Friday News Roundup: Santa Fe National Forest Lifts Fire Restrictions And More...
Santa Fe National Forest Lifts Fire Restrictions- The Associated Press
A northern New Mexico national forest that experienced several major wildfires in June is lifting fire restrictions that have been in effect for much this summer.
The Santa Fe National Forest's announcement of its lifting of the restrictions effective Friday morning says increased moisture from monsoon rain in the past several weeks has dramatically the danger of wildfires.
The forest says the areas of the Tres Lagunas, Thompson Ridge and Jaroso fires will remain closed for public safety.
New Mexico's Jobless Rate Edges Up Slightly- The Associated Press
State officials report that New Mexico's unemployment increased slightly last month and that job growth remains slow.
The Department of Workforce Solutions said Friday that the seasonally adjusted unemployment rate was 6.8 percent in June. It was 6.7 percent in May and 7.0 percent in June 2012.
State officials say New Mexico gained 7,200 jobs since June 2012, with a job growth rate of 0.9 percent.
The leisure and hospitality industry accounted for the largest increase, picking up 3,700 jobs since last year.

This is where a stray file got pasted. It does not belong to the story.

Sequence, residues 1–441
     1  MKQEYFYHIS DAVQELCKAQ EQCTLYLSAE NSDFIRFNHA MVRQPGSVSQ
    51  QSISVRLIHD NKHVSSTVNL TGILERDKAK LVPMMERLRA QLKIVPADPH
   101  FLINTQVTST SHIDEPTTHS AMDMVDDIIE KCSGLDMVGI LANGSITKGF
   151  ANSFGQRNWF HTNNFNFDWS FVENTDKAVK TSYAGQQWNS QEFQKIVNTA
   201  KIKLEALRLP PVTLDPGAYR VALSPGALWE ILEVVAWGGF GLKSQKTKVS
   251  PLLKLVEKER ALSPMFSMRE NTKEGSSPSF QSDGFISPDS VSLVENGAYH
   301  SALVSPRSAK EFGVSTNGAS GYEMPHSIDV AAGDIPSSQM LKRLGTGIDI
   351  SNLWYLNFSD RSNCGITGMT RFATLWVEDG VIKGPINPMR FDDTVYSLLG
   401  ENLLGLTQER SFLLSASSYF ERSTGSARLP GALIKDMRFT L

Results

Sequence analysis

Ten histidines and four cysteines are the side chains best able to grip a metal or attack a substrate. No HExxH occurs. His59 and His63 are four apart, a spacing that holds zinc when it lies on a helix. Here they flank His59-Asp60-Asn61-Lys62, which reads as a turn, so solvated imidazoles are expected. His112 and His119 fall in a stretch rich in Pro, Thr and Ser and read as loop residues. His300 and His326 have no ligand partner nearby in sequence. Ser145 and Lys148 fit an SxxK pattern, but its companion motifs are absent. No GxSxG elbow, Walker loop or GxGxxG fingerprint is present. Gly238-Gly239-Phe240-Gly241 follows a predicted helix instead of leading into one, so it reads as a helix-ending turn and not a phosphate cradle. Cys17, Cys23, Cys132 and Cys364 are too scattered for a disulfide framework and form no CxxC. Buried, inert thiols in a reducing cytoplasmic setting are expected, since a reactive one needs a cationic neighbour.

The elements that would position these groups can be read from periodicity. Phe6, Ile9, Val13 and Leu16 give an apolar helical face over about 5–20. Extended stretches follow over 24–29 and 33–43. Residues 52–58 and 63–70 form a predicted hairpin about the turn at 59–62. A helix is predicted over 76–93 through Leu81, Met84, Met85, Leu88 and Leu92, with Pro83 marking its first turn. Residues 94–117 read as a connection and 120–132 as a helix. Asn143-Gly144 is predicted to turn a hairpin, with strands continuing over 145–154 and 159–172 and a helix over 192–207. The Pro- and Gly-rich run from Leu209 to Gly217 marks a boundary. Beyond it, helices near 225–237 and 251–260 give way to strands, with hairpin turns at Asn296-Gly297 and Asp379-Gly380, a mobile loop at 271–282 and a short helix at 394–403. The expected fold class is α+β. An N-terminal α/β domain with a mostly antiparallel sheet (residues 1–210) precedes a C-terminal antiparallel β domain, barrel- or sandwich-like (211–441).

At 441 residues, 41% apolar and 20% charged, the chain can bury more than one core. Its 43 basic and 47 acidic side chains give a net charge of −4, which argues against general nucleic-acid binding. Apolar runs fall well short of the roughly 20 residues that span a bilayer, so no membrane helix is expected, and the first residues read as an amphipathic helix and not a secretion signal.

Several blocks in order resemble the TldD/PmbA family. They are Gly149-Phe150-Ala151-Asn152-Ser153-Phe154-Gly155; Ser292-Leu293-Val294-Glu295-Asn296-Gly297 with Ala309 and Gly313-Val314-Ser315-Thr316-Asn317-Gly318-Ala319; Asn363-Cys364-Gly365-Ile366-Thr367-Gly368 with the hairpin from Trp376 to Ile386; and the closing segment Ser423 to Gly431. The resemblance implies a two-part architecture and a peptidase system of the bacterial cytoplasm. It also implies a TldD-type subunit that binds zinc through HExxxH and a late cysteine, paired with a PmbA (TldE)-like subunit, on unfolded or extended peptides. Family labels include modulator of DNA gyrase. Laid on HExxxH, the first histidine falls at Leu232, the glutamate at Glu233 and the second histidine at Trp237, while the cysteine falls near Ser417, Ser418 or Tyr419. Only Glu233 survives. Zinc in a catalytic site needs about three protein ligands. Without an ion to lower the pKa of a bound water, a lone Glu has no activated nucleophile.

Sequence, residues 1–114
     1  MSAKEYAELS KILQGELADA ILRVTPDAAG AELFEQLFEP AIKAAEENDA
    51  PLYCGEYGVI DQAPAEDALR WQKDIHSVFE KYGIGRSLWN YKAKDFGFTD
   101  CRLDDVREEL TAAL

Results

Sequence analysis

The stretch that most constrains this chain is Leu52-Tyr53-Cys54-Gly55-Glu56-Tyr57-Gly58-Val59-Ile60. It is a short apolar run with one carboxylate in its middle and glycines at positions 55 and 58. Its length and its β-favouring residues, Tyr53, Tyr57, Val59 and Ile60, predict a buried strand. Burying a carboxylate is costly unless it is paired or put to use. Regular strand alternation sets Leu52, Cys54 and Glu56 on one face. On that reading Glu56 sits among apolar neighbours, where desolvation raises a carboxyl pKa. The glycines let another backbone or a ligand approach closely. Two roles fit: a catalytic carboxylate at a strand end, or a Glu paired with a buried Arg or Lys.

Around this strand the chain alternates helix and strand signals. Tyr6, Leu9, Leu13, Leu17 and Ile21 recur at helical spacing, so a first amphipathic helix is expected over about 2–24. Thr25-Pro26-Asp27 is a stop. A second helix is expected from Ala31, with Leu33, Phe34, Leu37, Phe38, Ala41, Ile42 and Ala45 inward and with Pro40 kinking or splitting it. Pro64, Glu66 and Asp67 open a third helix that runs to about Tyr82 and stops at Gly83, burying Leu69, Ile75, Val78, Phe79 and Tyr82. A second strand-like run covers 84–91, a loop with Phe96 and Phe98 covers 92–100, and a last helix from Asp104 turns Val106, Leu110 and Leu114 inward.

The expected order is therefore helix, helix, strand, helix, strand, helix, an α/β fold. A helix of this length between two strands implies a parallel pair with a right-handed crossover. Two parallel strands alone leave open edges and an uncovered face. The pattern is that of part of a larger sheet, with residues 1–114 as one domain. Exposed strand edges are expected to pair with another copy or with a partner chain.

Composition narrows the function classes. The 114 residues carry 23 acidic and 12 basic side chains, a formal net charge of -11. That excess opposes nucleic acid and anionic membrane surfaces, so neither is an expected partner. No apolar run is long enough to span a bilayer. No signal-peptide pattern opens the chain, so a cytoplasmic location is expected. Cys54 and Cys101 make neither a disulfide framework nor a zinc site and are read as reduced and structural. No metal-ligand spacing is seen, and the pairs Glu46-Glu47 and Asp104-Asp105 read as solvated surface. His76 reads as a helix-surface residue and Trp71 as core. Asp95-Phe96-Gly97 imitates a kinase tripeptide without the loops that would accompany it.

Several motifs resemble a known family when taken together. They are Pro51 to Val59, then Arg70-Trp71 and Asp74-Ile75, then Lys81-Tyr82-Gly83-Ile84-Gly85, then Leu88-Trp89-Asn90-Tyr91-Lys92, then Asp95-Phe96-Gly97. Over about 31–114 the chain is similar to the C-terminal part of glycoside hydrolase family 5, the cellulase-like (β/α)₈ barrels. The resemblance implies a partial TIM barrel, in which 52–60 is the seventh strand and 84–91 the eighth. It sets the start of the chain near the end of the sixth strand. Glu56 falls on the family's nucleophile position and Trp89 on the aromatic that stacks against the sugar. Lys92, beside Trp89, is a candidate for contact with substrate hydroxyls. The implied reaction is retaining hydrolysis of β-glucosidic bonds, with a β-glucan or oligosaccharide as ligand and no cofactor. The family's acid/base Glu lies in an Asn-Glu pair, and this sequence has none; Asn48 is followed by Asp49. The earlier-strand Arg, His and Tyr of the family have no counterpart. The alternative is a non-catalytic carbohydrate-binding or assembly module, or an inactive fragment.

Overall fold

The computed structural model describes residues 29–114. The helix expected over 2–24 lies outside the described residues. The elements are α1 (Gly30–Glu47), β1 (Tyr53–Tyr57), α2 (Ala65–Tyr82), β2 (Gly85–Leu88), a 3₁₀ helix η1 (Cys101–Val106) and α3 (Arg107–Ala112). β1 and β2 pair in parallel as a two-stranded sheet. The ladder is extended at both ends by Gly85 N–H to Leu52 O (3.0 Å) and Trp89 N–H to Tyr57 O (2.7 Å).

Officials say the financial industry added 2,300 jobs and construction industry gained 1,900 jobs.
The state has lost 3,400 federal jobs since June 2012 with 2,400 coming in local government. Officials say the sharp drop is due to seasonal employment and will settle when schools resume classes.
Navajos Approve Lease Extension For Power Plant- The Associated Press The Navajo Nation Council has approved a lease extension for a northern Arizona coal-fired power plant that sends water to the state's biggest cities.
The council voted 16-6 in favor of the legislation during its session late Thursday.
Under the measure, the lease for the Navajo Generating Station near Page would expire in 2044. The agreement boosts yearly payments to the Navajo Nation from $3 million to $43 million.
Supporters say extending the lease preserves jobs and revenue to the tribe. It also keeps the coal mine that feeds the plant in operation.
Salt River Project operates the plant. The electricity generated by the plant delivers water to Arizona's most populated areas through a series of canals and ensures water rights settlements with American Indian tribes are met.